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Human Resources

From employment law to compensation and benefits, FMLA and hiring and firing and more, Business Management Daily provides comprehensive Human Resources updates.

Discover how your colleagues – and competitors – are dealing with discrimination and harassment, employment law, benefits programs, and more.

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Minnesota employers are required to provide their employees with a dizzying array of information about their workplace rights. If you haven’t recently reviewed the posters hanging in your break room or above the time clock, now is a good time to make sure you’re in compliance with all posting requirements.
National Labor Relations Board Chair  Philip Miscimarra says he won’t seek reappointment to the board when his term expires in December.
Bipartisan legislation introduced in the House and Senate would grant a 25% tax credit to companies that offer between two and 12 weeks of paid family leave.
Public employees have constitutional property rights in employment and are entitled to advance notice before their salaries are cut.
Courts seldom give much weight to complaints about general disrespect, micromanaging supervisors or impossible workloads unless it is quite clear that those conditions are meant to punish protected activity or are reserved for members of a protected class while others aren’t targeted.
International shipping giant UPS has agreed to pay $2 million to nearly 90 current and former employees to settle a nationwide EEOC disability discrimination lawsuit filed in 2009.
Creating a more casual dress code and doing away with cubicles may help draw the attention of some younger job candidates. But real improvement in recruiting and retaining of Millennials must go deeper, focusing on helping people build trust and connection to their work.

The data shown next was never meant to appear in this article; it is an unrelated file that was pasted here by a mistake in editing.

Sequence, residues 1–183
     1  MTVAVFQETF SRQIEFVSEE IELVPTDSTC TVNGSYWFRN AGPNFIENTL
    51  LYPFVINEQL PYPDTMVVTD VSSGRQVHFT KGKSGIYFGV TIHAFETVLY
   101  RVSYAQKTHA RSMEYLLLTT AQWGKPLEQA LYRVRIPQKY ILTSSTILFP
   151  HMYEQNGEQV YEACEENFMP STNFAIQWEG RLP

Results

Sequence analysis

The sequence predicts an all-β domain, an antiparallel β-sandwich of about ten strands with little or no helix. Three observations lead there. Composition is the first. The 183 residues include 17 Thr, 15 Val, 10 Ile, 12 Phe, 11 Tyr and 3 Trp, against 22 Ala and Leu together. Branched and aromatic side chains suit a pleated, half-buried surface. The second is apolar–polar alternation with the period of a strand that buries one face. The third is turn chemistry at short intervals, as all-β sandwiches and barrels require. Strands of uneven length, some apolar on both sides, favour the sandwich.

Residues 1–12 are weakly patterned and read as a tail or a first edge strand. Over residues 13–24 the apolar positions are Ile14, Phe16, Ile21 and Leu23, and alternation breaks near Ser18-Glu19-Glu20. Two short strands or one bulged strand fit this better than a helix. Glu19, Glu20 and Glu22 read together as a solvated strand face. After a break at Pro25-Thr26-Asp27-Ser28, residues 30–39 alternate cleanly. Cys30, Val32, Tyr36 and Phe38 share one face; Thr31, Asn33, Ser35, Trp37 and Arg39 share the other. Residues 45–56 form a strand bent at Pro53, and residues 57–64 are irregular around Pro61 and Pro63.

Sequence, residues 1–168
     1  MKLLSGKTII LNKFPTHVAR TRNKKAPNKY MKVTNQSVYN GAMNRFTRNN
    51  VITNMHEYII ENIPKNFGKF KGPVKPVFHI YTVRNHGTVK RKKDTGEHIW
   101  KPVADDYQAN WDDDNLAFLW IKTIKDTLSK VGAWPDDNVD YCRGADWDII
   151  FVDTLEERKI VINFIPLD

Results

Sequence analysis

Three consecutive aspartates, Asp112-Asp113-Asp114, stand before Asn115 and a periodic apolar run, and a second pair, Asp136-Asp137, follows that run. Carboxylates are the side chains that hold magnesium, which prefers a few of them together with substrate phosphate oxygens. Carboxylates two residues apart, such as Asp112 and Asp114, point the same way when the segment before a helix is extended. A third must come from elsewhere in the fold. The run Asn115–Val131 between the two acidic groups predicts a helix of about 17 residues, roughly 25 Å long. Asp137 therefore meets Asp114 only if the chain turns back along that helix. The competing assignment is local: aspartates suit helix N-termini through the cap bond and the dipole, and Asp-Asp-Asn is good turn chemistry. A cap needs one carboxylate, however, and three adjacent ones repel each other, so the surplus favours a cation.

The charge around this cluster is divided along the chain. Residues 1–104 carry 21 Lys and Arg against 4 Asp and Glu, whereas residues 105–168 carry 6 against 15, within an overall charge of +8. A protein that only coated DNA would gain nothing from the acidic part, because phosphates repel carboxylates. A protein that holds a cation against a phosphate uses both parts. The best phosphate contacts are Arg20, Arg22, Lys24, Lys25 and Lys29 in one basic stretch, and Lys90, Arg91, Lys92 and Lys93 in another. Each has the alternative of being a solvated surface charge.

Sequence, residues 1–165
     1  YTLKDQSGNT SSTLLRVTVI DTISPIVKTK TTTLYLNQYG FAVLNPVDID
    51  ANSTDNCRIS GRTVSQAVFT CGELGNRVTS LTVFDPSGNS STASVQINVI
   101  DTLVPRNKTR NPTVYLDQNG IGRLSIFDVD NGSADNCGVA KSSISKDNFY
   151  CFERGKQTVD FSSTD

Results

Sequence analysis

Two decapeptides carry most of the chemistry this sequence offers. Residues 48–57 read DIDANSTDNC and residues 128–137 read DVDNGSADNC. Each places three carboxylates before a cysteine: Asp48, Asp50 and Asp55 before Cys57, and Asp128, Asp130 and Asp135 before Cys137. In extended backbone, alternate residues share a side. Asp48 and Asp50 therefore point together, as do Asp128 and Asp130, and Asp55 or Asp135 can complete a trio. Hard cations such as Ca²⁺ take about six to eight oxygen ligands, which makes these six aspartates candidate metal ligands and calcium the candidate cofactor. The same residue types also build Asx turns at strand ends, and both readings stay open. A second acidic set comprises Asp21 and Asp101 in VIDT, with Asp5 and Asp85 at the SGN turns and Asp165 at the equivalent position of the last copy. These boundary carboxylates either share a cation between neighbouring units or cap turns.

Out-of-state entities with the power to dictate a New York employer’s hiring and retention policies take notice: You can be subject to liability under the New York Human Rights Law if you “aid and abet” discrimination against individuals who have a prior criminal conviction, even if you are not the direct employer of those individuals.
The National Labor Relations Act provides powerful support for employees who want to join a labor union. It generally permits employees to wear a union logo on their clothing at work. Punishing employees for doing so will often result in the filing of unfair labor practices charges.
Q. This is our busiest time of the year, and we really can’t afford to give our employees Labor Day off. Is it illegal to have employees work on Labor Day?
Q. I have chosen to keep my business open on Labor Day. Must I pay employees who work on Labor Day (and other holidays) premium holiday pay?
Employees have only a limited amount of time in which to file lawsuits. However, judges sometimes bend over backwards to give late filers a second chance. When that happens, it may be worth finding out why the delay occurred.
A former employee who previously lost a sexual harassment lawsuit against her employer has now lost a bid for a new trial.
If you terminate an employee who may have been moonlighting or running a side hustle, she may not be eligible for unemployment benefits. You may be able to oppose benefits because she has another source of income.
Some employees may not realize it, but filing an internal discrimination or harassment complaint doesn’t create immunity to legitimate, unrelated discipline.
Courts don’t want to be in charge of running your business. Generally, if you can put forth a genuine, legal rationale reason for an action—such as terminating an employee for budgetary reasons—courts aren’t going to step in.
An administrative law judge has ordered Northwest Title, located in White Bear Lake, Minn., to pay two employees $107,893 in back wages and fringe benefits.
Former employees claiming Equal Pay Act violations may force employers to produce not just past payroll information, but also after-the-fact pay data.
A Minnesota appeals court has reinstated a Uniformed Services Employment and Reemployment Rights Act claim against a state university.
A Hennepin County District Judge has sided with a former bartender at the Surly Brewing Co. in Minneapolis in a dispute over the company’s tip pooling practices.
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